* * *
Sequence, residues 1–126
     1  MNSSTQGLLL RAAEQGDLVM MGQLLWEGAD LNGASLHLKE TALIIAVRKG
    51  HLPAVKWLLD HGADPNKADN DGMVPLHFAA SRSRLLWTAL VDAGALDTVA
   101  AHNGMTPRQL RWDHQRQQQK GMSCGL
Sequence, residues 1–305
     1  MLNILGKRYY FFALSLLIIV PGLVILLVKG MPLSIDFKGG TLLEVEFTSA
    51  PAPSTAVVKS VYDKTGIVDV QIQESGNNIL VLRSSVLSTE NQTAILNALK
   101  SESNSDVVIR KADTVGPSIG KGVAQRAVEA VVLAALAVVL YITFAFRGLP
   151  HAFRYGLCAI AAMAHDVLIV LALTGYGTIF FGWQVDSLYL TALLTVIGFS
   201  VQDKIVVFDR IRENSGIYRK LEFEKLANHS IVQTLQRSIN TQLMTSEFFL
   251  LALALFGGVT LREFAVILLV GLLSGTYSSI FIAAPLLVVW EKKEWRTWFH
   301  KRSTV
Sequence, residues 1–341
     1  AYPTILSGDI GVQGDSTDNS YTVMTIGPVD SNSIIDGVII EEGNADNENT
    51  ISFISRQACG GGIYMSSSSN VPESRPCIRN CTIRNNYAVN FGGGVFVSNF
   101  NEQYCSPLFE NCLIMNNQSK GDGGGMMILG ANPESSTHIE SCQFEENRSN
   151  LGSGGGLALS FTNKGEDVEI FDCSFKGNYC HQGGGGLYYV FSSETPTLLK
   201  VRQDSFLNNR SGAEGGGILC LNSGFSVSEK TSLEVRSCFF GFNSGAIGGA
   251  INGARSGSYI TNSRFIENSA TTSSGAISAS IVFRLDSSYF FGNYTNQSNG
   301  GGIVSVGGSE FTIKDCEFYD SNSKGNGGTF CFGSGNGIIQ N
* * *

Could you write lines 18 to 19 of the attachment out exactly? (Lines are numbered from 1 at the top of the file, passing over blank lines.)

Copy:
   201  VRQDSFLNNR SGAEGGGILC LNSGFSVSEK TSLEVRSCFF GFNSGAIGGA
   251  INGARSGSYI TNSRFIENSA TTSSGAISAS IVFRLDSSYF FGNYTNQSNG